As a writer, blogger and complete book nerd, my Twitter feed is naturally full of people with similar interests. I’ve come across some fantastic people this way; people who offer inspiration and interesting content on a regular basis.
Unfortunately, as with many communities, there are also a lot of writers on Twitter whose approach leans towards the spammy. Maybe they just haven’t figured it out yet, or maybe they just don’t care, but it can be a big turn off if all someone is interested in is self-promotion.
But there are a few simple ways you can be more authentic and attract organic followers who care about what you have to say.
1. Hold back on the hashtags.
There are some commonly used hashtags among writers and book lovers, #amwriting and #Fridayreads being a couple of good examples.
Whilst hashtags are a great way of reaching new audiences, they have to be used sparingly. Half a dozen in one tweet or in your bio can be off-putting.
2. Let your followers grow organically.
We’ve all been there. Someone new follows us, then if we don’t follow them back, within a day or two they’ll unfollow completely. Annoying, right?
Bulk following and unfollowing is actually a popular marketing strategy. You can often identify people who use this technique, as they have a similar number of both followers and people they are following, usually in the thousands.
Of course, some people just kindly follow back everyone who follows them, so use the above indicator carefully when screening for spam.
If you let your followers grow naturally as people discover your tweets through their existing timeline, or come across you through your website or a recommendation, they’re more likely to stick around and be interested in your content.
It’s all very well having 40,000 followers, but if they don’t really care what you’re tweeting about, they aren’t going to engage with you and your blog, or your books.
3. Share other people’s content.
A popular rule of thumb is to share 20% of your own material, 80% of other people’s. That way, you show you’re a part of the community; you’re interested in other people and what they have to talk about, not just promoting yourself.
By sharing a variety of useful articles, you present yourself as someone with lots of knowledge about your subject and people will keep coming back to you because you have helped them with a problem or inspired them with something new.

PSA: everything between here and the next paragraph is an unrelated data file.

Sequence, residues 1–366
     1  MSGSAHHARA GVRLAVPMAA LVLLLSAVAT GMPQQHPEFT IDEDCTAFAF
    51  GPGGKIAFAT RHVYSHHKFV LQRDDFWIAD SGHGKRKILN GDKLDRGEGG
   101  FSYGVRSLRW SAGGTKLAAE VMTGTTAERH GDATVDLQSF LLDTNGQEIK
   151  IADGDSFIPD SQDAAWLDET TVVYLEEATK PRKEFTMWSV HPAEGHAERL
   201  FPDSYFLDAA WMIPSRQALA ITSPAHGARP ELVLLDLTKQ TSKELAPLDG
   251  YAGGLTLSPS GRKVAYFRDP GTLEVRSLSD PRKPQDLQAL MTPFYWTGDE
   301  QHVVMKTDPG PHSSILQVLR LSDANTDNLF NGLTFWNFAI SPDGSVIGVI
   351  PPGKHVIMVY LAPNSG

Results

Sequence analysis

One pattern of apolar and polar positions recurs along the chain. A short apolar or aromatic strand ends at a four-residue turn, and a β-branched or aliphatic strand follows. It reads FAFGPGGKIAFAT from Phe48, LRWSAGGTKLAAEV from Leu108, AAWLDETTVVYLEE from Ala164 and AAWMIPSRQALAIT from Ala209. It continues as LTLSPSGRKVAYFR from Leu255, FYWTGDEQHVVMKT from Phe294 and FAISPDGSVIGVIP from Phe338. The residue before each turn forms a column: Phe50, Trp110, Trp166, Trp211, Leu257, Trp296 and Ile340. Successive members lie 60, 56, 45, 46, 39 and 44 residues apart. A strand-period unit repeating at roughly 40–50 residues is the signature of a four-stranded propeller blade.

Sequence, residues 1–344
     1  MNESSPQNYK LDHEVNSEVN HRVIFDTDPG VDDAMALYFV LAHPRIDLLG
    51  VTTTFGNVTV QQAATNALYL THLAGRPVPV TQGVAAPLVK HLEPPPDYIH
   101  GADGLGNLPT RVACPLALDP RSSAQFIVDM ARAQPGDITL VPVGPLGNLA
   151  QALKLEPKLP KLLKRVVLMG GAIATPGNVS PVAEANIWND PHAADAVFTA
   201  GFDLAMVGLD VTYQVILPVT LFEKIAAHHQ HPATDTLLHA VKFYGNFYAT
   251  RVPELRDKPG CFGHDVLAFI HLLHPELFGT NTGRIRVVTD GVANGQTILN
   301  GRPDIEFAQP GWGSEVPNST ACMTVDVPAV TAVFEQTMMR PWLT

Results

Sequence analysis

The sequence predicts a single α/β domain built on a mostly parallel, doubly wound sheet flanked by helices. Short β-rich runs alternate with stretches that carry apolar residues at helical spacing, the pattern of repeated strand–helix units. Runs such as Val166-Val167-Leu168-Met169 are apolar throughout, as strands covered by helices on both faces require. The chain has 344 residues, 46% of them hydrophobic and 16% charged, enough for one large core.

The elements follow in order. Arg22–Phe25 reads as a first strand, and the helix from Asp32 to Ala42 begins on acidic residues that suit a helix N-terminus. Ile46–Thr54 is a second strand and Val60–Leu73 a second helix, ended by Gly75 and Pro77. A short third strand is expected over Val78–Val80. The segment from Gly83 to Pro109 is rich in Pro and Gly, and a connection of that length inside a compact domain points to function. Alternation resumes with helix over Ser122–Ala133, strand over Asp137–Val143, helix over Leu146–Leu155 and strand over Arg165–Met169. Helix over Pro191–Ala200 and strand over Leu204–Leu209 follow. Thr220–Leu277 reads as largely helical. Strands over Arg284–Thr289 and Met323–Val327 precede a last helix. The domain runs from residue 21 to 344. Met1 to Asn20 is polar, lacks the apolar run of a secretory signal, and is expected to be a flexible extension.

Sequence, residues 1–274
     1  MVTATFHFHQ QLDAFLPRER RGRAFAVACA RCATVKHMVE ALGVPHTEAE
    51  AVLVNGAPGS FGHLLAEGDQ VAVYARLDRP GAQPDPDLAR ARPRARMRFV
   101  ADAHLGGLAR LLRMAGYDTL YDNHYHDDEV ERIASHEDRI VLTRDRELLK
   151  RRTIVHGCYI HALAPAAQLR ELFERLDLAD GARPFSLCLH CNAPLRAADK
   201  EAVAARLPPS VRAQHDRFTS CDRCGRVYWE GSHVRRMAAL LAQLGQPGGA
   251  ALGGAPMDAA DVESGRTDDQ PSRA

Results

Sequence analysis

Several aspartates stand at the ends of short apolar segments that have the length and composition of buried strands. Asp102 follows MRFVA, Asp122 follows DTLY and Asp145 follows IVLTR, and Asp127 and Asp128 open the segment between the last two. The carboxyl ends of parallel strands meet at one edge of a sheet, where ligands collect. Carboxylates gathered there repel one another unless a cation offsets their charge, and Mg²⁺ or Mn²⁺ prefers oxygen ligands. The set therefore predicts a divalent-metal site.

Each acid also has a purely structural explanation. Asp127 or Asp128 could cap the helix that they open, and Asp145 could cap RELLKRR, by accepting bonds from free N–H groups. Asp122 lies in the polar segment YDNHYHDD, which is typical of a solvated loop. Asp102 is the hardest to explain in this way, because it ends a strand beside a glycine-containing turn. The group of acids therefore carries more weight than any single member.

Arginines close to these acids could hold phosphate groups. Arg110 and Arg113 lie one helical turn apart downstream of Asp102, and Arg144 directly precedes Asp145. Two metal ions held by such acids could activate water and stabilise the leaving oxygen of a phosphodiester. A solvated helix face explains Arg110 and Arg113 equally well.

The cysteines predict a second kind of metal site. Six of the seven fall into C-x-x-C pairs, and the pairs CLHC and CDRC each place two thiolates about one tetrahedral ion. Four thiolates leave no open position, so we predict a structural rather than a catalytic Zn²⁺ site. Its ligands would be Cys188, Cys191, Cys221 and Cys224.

4. Start a conversation.
With tools like HootSuite and Buffer, it’s easy to schedule all your tweets in and build a presence, without actually spending much time on Twitter. But if you take a few minutes to scroll through your feed, chances are you’ll spot questions you can answer or conversations you can join.
By engaging with other people, they are more likely to remember you in future and check out the links you’re sharing.
5. Don’t repeat yourself.
Twitter is a great place to build a network and promote your writing. But you have to be a bit creative about it. I’ve come across people who will recycle the same half a dozen tweets over and over, perhaps interspersed with a few recommendations from readers. Usually these tweets will be heavily promotional.
Once I’ve seen the same tweet a few times, a little red flag goes up. I’ll give someone a chance, but if I keep seeing the same old stuff, I’ll unfollow them because they aren’t adding anything interesting to my timeline.
Sure, share your work, but make sure you mix it in with other content. I’m guilty of not reaching the 80/20 figure, but I try to keep it balanced. If I post a new article on the blog, I’ll tweet the link two or three times throughout the day, but I’ll try to make the tweet different.
It can take a little bit of effort to use Twitter in an authentic way and it might take longer to achieve a high number of followers, but it will be worth it when you build an engaged community who can help you reach an even wider audience with your work.
What do you think; do you have any tips for finding new followers on Twitter?